The mass-energy of the voyager probe would have an explosive power much greater then a thermonuclear bomb if released at once.


That was what I meant.  As in, last I checked, the energy requirement to power/utilize an alcubierre drive is,in theory, MVoyagerc2 U.

Which is still better than the initial calculations of mJUPITERc2
Plus the whole "Requires exotic matter we are not sure currently exists."
 
2013-05-16 03:07:37 PM

roughridersfan: metallion: I always liked that bulky Space:1999 commlock...  Not much different than a cell phone with video conf capability..

I used to make a pretend one of those with LEGO blocks when I was a kid.

/ Still in love with Helena...


Me too... Both counts.   Especially Season 2 Helena...  and Maya...  ahhhhh....

Had blue legos, and the clear ones for the screen...  Couldn't build a beltloop for it worth a fark... :)
 
2013-05-16 03:08:17 PM

fluffy2097: DamnYankees: Link isn't working for me.

That's Ok. Warp drives, Holodecks, transporters and sentient androids are not almost here anyway.

/where the hell are my green slave girls damnit?


Holodecks: You might want to check out some stuff my friend Adrian has been up to. I met him back in 2005-2007. I can link to his twitter. Watch some of the video links he has on there. Pretty neat shiat. Adrian Bulzacki
 
2013-05-16 03:08:47 PM
No way is teleporting more than a quantum particle "almost here." And even if it was, I'd never do it. No one stops to think that the people in Star Trek die every time they use a teleporter, and are replaced with an exact copy of themselves at the other end.
 
2013-05-16 03:11:08 PM

Celerian: fluffy2097: DamnYankees: Link isn't working for me.

That's Ok. Warp drives, Holodecks, transporters and sentient androids are not almost here anyway.

/where the hell are my green slave girls damnit?

Holodecks: You might want to check out some stuff my friend Adrian has been up to. I met him back in 2005-2007. I can link to his twitter. Watch some of the video links he has on there. Pretty neat shiat. Adrian Bulzacki


Also: Adrian at TED speaking about "Monotizing the Holodeck"
 
2013-05-16 03:12:53 PM
Getting a kick since the fiancé and I just watched Encounter at Farpoint last night. Had a cool moment when I looked at what Doctor Crusher was holding, and then realized I was watching the show on the same damn thing (iPad).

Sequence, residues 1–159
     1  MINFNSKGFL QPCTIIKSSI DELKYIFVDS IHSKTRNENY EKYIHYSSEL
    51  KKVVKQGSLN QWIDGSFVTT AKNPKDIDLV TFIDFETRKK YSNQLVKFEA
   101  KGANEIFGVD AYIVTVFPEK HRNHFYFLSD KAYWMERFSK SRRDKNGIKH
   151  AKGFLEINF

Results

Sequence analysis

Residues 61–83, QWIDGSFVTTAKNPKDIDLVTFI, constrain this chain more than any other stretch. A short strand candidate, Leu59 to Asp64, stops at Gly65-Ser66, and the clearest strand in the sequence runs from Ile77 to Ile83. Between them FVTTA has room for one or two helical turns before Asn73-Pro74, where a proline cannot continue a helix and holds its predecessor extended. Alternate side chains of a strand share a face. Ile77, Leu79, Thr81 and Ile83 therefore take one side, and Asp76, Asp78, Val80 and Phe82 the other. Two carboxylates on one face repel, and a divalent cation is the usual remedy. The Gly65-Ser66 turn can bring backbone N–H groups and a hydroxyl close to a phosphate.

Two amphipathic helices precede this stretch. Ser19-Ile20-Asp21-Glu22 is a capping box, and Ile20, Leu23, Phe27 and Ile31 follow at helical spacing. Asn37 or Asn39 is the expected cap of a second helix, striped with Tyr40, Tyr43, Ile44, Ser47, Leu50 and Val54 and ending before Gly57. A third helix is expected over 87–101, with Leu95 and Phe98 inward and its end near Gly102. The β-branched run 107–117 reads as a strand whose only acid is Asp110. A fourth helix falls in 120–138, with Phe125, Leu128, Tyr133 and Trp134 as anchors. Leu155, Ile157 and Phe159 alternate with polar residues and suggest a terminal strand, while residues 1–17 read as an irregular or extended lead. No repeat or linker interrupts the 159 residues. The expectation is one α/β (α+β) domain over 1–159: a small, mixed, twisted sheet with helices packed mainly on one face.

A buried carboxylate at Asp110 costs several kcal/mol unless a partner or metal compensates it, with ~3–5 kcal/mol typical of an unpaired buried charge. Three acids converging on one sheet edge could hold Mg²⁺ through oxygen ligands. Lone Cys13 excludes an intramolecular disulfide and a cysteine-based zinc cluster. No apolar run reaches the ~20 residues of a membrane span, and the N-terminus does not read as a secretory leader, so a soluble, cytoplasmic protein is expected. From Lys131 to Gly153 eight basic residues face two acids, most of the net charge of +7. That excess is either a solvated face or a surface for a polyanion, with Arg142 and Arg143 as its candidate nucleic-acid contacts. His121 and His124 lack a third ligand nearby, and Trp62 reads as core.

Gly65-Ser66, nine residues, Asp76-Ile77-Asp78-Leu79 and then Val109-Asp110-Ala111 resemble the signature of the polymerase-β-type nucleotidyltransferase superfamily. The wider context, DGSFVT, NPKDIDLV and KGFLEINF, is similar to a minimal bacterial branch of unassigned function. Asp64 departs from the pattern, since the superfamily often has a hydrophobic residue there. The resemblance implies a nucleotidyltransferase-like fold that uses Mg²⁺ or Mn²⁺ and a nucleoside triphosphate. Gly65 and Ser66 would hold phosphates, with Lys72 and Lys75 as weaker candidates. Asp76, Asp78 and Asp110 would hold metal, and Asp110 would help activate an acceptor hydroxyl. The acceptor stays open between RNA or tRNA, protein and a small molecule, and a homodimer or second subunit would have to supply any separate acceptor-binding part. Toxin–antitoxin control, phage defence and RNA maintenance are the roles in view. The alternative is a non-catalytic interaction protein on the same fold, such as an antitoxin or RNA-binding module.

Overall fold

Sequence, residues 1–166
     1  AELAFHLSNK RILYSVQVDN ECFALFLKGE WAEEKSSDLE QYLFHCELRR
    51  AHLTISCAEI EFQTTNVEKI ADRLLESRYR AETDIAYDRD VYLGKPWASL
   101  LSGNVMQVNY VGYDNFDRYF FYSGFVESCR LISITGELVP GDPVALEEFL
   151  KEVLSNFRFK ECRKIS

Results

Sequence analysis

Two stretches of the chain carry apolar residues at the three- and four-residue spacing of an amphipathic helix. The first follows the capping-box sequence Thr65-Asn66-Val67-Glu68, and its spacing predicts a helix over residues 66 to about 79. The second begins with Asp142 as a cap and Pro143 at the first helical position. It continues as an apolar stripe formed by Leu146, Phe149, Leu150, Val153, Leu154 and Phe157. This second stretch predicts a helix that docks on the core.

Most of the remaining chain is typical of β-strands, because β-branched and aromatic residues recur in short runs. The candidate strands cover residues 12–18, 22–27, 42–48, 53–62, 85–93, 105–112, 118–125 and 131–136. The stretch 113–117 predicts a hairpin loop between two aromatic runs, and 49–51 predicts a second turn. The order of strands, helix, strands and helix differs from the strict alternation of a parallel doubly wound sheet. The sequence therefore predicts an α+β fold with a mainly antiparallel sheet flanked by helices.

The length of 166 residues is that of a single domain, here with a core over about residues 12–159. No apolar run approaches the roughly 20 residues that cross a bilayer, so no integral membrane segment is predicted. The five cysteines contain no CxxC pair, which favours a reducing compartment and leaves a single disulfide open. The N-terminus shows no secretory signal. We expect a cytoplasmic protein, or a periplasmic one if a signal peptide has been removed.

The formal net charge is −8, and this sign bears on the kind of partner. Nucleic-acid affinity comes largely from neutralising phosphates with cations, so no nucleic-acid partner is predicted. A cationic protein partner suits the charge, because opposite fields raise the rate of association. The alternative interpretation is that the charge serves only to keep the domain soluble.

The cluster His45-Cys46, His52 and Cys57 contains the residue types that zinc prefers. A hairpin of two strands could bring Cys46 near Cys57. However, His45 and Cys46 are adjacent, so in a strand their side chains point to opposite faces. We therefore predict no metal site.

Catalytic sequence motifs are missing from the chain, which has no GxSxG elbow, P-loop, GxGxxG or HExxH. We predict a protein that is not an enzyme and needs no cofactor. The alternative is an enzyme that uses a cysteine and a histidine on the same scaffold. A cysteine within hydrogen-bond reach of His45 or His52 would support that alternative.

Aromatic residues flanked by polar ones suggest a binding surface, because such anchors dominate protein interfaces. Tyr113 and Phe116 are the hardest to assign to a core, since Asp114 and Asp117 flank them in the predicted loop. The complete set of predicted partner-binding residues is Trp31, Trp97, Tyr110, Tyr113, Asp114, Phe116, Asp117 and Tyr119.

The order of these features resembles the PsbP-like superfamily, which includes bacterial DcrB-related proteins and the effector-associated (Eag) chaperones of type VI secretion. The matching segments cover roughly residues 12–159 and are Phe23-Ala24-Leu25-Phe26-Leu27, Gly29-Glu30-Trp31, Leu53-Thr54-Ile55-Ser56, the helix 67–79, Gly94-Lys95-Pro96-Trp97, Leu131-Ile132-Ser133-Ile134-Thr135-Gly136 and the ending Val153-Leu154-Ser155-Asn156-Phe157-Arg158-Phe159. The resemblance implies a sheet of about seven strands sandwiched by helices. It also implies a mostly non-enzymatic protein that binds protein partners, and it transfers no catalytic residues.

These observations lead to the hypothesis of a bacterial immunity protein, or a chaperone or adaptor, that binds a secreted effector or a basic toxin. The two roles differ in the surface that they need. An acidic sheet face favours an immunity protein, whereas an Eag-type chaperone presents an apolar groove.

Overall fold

It's like watching West Wing also. You watch the show and go, "Wow, humans will never change" while simultaneously going, "Yup, we settled that one already."
 
2013-05-16 03:13:05 PM

WhoGAS: Is that sarcasm or are you really saying that? If you are serious, I'm curious as to what you are referring as dumb, specifically.


Nothing on that list is "almost here".  For the most part they're comparing Star Trek technologies to things that only superficially resemble them.  Yes, projecting a video on a human shaped piece of glass means that full range 3D holograms that can manipulate matter like in Star Trek are just around the corner!  Using Quantum Entanglement to transmit a tiny amount of data across 3' of open space means teleporting a human being miles away and through through obstructions is just around the corner.

Stupid.
 
2013-05-16 03:14:30 PM
Ah damnit I have an extraneous U in the first equation. That's a typo, please ignore.
 
2013-05-16 03:14:38 PM
Let's not forget the ion-drive space craft. From Spock's Brain to reality.
 
2013-05-16 03:15:47 PM

Tommy Moo: No way is teleporting more than a quantum particle "almost here." And even if it was, I'd never do it. No one stops to think that the people in Star Trek die every time they use a teleporter, and are replaced with an exact copy of themselves at the other end.


There was a story in Isaac Asimov's Science Fiction Magazine in either '79 or early '80, about teleport technology.  Can't remember the name.

It opens with the inventer of the technology watching people getting in and out of the transports.  She meets a young boy who has teleported everywhere, and she has a couple of flashbacks.